De­spite its di­lap­i­dated state, the lit­tle farm­house, nes­tled in the tran­quil ru­ral coun­try­side of this north­ern tip of France, was full of charm and po­ten­tial. Bron con­tin­ued to live in Folkestone and used a French builder to carry out the ini­tial stage of the ren­o­va­tion – in­stalling win­dows, doors, the sep­tic tank and fit­ting the electrics. “Luck­ily he spoke English and was com­puter lit­er­ate so we could com­mu­ni­cate eas­ily through emails,” she says. “He did the ba­sics, but at that point the money ran out, so gangs of friends used to come over for week­ends and hol­i­days and we grad­u­ally did bits. It’s taken 13 years al­to­gether.” In hind­sight, Bron would not ad­vise over­see­ing a ren­o­va­tion project re­motely. “If you’re hav­ing big work car­ried out, it’s bet­ter be­ing on-site; it’s eas­ier,” she re­veals.

The close prox­im­ity of Pas-de-Calais to south­ern Eng­land made it pos­si­ble for Bron to buy and ren­o­vate the fer­mette while still liv­ing and work­ing in the UK. “It’s only a two-hour trip by Euro­tun­nel, so I came here dur­ing hol­i­days and at week­ends,” says Bron.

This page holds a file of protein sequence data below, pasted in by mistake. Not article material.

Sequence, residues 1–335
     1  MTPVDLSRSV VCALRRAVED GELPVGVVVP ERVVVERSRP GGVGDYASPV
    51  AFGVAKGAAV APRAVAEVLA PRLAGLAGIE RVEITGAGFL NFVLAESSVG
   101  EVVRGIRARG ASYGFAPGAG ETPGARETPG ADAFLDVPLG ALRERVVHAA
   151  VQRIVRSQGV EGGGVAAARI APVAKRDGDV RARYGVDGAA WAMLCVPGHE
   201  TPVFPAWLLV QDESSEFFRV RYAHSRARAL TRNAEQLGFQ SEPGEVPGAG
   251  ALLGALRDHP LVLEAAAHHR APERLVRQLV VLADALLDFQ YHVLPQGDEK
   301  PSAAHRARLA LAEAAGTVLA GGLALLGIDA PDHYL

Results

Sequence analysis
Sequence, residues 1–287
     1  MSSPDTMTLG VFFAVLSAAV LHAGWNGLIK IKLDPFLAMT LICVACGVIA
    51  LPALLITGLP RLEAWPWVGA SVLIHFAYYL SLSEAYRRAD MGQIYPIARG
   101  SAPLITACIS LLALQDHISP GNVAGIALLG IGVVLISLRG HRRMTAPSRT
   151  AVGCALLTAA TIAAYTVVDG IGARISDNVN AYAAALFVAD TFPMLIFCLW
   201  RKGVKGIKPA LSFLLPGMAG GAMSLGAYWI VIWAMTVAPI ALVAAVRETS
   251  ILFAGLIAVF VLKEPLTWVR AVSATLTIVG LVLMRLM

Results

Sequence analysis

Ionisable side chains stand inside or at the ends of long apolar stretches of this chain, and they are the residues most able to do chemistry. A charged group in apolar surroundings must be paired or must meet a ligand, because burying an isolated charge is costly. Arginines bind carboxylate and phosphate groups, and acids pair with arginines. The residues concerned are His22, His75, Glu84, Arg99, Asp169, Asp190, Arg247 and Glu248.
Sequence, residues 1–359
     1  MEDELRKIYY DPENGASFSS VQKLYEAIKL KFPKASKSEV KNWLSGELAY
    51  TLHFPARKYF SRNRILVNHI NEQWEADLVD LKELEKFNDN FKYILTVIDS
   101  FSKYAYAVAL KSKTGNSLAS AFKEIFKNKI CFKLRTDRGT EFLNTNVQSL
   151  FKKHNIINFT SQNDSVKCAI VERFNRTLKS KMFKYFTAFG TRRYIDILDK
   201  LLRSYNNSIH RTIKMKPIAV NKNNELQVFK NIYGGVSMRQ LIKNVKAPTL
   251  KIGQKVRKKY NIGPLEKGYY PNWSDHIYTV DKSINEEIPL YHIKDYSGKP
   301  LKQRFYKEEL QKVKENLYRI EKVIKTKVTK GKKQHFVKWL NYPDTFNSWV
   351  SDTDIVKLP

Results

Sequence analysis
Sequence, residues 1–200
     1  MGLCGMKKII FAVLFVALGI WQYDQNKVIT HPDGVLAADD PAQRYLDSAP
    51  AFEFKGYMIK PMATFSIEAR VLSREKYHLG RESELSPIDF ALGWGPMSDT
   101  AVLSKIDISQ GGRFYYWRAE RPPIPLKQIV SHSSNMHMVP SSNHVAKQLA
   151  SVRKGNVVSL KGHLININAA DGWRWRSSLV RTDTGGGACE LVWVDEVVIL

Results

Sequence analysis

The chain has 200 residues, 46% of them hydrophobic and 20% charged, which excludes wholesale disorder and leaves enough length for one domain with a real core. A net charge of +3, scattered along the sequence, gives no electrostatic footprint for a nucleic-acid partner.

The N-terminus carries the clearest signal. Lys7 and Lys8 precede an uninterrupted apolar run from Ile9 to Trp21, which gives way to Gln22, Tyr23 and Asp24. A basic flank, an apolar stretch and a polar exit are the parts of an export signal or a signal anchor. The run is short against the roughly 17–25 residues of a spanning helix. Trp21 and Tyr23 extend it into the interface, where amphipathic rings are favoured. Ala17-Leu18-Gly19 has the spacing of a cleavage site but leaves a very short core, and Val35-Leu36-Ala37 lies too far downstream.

In 2008, when Bron re­tired, she was able to come to France more reg­u­larly and for longer pe­ri­ods. “By that time the house was more hab­it­able although I still had a bed in what we call the ‘bat cave’ – the gre­nier – but that was all right,” laughs Bron. Three years ago, Bron de­cided to move per­ma­nently into her French home, and even though her el­derly mother was ill,

she knew that be­ing so close to the UK meant she could visit eas­ily and re­turn quickly if needed.

De­spite be­ing a lesser-known part of France, of­ten by­passed by holidaymakers who head fur­ther south, Pas-de-Calais has ben­e­fited from a proac­tive coun­cil and tourist board. “There are ar­eas where the min­ing in­dus­try has be­come de­funct and there are poor ar­eas, but the Pas-de-Calais coun­cil works hard to in­stil in­ter­est – there’s a lot of cul­tural stuff go­ing on. They turn mines into mu­se­ums and we’ve got the Lou­vre at Lens, which is about 40 min­utes away.

“Vimy Ridge is close by and we’re not far from the Somme. Ar­ras and Amiens are beau­ti­ful cities. It’s lovely; it’s got ev­ery­thing you want – the beau­ti­ful coast­line as well as rather so­phis­ti­cated places like Ar­ras.”